The Microsoft Trial June 23, 1999

The Microsoft Trial June 23, 1999

The Microsoft Trial June 23, 1999

Notes from different corners of the world.
June 23 1999 7:18 PM

The Microsoft Trial June 23, 1999

Dahlia Lithwick worked for two years in a family law firm in Reno, Nev. She is writing a novel about how divorce affects children.

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Live or Memorex? Let's go to the tape:

Late yesterday afternoon, while I am tapping out the words "Holy Roman Empire" to describe Microsoft, Judge Thomas Penfield Jackson uses the words "benevolent despot" to describe them to their chief economic witness (flipping said witness's own grocery-store analogy better than the omelet chef at Circus, Circus). Lesson to witnesses: Those analogies can and will bite you in the ass if you let them off their leashes for so much as a minute.

Or try this: Richard Schmalensee, Microsoft's final expert in the case, testifies yesterday on his direct examination about the explosion in Web-based applications and Judge Jackson wonders aloud why software vendors aren't "writing Web-based applications in droves." Two hours earlier (at 11:50 Pacific Time) someone called Paul Festa writes on C/Net News an article titled "Web-based Applications Debut in Droves."

Cut to this morning. Sullivan & Cromwell's Michael Lacovara, leading Schmalensee back through the judge's "in droves" comment of yesterday, offers into evidence Defendant's Exhibit No. 2789--a C/Net article by Paul Festa titled "Web-based Applications Debut in Droves." Laughs Lacovara, "Sometimes, Your Honor, you just get lucky." The judge laughs too, calls the article "prescient," and listens carefully as Schmalensee testifies that there are no barriers to entry for Microsoft competitors seeking to develop Web-based applications.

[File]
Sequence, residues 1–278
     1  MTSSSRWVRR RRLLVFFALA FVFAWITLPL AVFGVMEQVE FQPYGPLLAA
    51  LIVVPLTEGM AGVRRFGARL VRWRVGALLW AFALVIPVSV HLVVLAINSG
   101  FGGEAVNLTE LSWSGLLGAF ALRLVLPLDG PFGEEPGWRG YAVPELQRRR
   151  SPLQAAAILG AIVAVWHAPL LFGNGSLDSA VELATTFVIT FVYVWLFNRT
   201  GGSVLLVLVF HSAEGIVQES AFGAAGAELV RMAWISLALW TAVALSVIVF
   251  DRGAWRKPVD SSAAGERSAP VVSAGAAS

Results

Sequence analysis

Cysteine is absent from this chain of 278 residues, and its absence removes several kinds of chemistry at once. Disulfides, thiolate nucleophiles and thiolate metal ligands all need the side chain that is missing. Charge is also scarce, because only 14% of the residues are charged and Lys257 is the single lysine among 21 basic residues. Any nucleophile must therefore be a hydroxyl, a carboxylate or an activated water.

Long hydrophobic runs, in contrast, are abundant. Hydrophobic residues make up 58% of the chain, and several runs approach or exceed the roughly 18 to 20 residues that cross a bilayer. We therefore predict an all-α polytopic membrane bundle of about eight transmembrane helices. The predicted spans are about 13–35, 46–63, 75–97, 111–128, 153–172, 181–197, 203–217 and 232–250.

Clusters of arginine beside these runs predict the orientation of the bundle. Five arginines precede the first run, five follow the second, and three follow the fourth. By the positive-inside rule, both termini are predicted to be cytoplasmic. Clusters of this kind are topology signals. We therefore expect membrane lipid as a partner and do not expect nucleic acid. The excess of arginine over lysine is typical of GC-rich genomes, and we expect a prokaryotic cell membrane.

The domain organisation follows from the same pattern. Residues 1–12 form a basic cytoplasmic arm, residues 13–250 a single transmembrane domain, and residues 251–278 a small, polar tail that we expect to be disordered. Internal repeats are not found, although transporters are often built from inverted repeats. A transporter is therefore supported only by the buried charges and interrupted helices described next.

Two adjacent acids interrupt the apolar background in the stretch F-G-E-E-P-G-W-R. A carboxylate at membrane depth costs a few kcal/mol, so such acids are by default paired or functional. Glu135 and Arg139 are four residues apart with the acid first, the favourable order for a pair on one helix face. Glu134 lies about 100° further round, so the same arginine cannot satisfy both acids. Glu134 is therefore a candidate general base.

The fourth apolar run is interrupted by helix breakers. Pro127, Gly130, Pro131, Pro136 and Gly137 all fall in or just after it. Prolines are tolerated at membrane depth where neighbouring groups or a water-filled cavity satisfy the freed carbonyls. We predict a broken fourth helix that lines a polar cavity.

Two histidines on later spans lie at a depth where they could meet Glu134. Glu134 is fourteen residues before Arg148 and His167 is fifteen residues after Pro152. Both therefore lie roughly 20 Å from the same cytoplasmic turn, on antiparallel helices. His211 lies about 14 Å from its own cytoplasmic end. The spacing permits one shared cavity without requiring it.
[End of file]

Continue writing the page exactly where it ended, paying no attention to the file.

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The 60 or more journalists packing the courtroom (Boies' cross-examinations will do that) for this second-to-last day of testimony in the Microsoft trial all write this down. Weird. Yesterdays news becomes yesterday's comment by the judge becomes today's evidence will be tonight's story. Moments before, Lacovara examines Schmalensee on something he's downloaded from the Internet hours earlier. Then, he questions him on a Washington Post story (from today) about AOL's support for 3Com's Palm Pilots allowing its users e-mail access. Throughout this trial, articles written the previous day--sometimes by journalists seated just on the other side of the bar--have morphed into evidence.

What does it mean when the folks reporting the trial are also creating it? Is this the information superhighway's equivalent of the high-speed chase of O.J. in the white Bronco? It certainly shores up the sense that both high technology and those who report on it move faster than the speed of justice. No one doubts anymore that long after this case has been decided by the media, the markets, and the microchip, it will still be grinding its way through the appellate courts and beyond.

Which brings us to how David Boies--the attorney hired by Justice to lead the plaintiff's team in this case--makes a witness look bad.

First he says, in the hour before lunch and without a scintilla of awkwardness, "Good-morning-Dean-Schmalensee-I have-to-ask-you-an-awkward-question." Then he asks Microsoft's chief economic witness how much Microsoft has paid him.

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"Ever?" asks Schmalensee.

"Start with that," grins Boies.

The witness hems some and haws some. "It's been seven years," he says. "The receipts are in a drawer," he says. Then he says something that sounds like $100,000.